Signed and inscribed at lower left, "François Boitard / inv. sculpsit".
Watermark: letters CDO.
At the center of this allegorical composition are female figures representing engraving (with a burin poised above a plate), painting (carrying a palette), and sculpture (clutching a torso and chisel), opposite a figure representing music who holds a lyre. The figure of painting, at left, is about to be crowned with a laurel wreath by Minerva, goddess of wisdom and patron of the arts. At right, the female figure bearing a torch, representing love or virtue, points to the painting of a herm surmounted by a figure that combines elements of the many breasted goddess Artemis, who represents fertility, with Atlas, supporting the globe, flanked by a lion, giraffe, and an elephant. In the foreground, a model book rests with its pages open at left, while a putto sketches at right. In the upper register, the ouroboros, or snake eating its own tail, with a shooting star, represents fertility and regeneration. At upper right is a winged female figure crushing grapes into a kylix held by a putto. Boitard included his signature on a sheet of paper in the lower left corner. Although a related print or frontispiece has not been identified, the inscription--Boitard invenit sculpsit--suggests that the artist intended to engrave his invention.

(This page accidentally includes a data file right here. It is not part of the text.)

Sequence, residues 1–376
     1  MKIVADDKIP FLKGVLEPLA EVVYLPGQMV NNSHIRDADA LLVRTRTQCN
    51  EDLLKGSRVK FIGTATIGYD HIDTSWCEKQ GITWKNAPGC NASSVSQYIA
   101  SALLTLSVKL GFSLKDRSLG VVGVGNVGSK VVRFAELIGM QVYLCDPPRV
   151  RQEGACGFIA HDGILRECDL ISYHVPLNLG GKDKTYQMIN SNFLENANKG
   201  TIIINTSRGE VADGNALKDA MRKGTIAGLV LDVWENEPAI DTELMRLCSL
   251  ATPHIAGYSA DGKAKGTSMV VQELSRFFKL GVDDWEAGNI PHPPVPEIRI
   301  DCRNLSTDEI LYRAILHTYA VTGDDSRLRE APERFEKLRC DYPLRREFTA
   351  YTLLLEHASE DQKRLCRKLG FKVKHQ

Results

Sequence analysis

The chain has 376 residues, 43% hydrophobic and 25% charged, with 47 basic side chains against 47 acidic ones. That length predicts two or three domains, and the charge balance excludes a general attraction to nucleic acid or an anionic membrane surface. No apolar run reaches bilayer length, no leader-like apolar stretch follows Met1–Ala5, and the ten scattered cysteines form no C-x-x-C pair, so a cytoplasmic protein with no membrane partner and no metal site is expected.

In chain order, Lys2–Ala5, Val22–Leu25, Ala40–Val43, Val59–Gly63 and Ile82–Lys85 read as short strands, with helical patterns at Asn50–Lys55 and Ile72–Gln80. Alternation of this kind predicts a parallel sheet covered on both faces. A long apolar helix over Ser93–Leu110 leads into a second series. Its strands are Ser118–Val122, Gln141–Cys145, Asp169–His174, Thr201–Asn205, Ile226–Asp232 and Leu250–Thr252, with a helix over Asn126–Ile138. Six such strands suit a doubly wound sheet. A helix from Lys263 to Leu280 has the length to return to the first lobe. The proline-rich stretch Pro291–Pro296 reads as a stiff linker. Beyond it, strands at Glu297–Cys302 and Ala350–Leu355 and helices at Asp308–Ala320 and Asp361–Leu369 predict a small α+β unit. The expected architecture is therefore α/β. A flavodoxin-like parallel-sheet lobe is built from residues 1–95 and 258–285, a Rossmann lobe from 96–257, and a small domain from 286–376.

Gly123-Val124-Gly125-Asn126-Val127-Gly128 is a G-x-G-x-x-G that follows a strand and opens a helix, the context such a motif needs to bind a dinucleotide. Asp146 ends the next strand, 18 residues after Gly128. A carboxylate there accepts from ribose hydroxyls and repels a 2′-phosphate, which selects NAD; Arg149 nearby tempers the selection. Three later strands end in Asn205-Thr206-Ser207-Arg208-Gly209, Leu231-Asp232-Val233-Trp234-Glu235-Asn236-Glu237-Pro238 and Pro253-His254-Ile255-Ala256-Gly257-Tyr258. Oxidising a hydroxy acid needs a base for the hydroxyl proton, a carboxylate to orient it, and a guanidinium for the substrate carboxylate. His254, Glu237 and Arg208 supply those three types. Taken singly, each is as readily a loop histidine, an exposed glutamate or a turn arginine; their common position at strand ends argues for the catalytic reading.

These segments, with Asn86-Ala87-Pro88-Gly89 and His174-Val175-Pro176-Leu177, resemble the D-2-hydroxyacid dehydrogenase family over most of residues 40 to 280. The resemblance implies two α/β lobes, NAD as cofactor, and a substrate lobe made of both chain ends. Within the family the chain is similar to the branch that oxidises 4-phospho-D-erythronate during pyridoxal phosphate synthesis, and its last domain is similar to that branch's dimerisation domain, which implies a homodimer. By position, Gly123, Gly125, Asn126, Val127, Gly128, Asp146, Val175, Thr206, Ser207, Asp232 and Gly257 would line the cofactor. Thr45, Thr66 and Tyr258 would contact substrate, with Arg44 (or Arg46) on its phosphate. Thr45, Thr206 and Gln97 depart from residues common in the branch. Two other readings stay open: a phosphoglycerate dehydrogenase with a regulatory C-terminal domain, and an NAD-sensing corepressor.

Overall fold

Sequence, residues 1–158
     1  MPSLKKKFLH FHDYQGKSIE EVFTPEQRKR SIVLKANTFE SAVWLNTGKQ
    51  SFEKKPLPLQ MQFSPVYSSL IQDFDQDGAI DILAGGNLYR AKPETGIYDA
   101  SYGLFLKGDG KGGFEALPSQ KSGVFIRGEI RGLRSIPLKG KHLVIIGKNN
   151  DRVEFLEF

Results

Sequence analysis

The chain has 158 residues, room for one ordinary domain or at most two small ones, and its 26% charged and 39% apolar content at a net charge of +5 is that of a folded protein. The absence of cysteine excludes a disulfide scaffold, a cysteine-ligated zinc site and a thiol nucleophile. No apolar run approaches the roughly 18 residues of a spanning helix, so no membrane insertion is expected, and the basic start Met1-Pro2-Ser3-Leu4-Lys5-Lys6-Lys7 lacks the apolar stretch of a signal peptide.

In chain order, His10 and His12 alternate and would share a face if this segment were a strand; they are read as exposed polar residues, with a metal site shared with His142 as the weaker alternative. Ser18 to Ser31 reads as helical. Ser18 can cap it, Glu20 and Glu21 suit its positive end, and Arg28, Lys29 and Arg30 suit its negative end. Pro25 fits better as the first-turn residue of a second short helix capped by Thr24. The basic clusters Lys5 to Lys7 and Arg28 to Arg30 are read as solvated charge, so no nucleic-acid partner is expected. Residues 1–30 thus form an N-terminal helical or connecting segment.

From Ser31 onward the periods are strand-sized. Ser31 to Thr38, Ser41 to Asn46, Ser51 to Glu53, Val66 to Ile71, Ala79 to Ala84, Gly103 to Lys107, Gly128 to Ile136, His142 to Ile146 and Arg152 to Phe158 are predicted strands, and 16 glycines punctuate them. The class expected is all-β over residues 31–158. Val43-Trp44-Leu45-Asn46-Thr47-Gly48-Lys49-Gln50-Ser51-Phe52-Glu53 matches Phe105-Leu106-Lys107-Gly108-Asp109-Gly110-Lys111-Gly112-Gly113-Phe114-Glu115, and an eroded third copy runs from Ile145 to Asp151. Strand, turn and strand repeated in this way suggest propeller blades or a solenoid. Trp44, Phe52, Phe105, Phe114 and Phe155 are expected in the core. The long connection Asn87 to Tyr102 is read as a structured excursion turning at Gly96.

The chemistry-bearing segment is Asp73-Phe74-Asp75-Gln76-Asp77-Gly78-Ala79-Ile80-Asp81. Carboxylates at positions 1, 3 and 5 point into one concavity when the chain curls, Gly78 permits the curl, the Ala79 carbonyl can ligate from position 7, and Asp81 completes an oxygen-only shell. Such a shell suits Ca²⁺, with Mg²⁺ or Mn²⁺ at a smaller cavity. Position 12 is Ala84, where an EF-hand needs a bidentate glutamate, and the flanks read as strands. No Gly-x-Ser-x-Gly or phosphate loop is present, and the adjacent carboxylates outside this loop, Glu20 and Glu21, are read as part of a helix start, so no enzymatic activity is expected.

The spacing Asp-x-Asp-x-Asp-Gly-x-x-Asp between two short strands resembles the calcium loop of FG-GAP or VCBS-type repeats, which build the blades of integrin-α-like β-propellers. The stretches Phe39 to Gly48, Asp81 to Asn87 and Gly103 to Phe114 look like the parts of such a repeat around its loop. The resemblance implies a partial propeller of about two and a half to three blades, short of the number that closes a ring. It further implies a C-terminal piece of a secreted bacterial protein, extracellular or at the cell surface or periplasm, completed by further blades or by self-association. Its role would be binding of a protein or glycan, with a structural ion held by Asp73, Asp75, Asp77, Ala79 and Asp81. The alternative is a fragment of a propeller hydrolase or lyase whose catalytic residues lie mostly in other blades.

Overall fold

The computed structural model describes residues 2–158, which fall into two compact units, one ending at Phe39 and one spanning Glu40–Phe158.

Voelkle, William M., former owner.